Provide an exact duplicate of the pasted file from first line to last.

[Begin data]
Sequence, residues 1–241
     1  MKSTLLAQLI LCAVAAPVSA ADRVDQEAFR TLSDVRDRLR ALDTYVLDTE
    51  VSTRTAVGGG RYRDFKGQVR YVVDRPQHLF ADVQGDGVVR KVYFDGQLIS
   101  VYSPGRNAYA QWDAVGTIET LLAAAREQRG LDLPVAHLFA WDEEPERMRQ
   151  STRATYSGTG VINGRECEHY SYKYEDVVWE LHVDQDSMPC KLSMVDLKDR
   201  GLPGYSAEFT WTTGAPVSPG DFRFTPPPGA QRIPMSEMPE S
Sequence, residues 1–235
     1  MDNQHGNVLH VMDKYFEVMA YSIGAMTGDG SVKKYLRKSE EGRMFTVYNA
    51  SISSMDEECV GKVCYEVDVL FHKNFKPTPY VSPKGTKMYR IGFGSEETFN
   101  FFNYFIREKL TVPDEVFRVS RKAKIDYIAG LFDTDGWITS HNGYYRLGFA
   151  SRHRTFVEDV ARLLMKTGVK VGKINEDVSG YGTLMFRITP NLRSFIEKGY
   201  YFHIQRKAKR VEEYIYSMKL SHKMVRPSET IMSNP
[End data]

Sequence, residues 1–241
     1  MKSTLLAQLI LCAVAAPVSA ADRVDQEAFR TLSDVRDRLR ALDTYVLDTE
    51  VSTRTAVGGG RYRDFKGQVR YVVDRPQHLF ADVQGDGVVR KVYFDGQLIS
   101  VYSPGRNAYA QWDAVGTIET LLAAAREQRG LDLPVAHLFA WDEEPERMRQ
   151  STRATYSGTG VINGRECEHY SYKYEDVVWE LHVDQDSMPC KLSMVDLKDR
   201  GLPGYSAEFT WTTGAPVSPG DFRFTPPPGA QRIPMSEMPE S
Sequence, residues 1–235
     1  MDNQHGNVLH VMDKYFEVMA YSIGAMTGDG SVKKYLRKSE EGRMFTVYNA
    51  SISSMDEECV GKVCYEVDVL FHKNFKPTPY VSPKGTKMYR IGFGSEETFN
   101  FFNYFIREKL TVPDEVFRVS RKAKIDYIAG LFDTDGWITS HNGYYRLGFA
   151  SRHRTFVEDV ARLLMKTGVK VGKINEDVSG YGTLMFRITP NLRSFIEKGY
   201  YFHIQRKAKR VEEYIYSMKL SHKMVRPSET IMSNP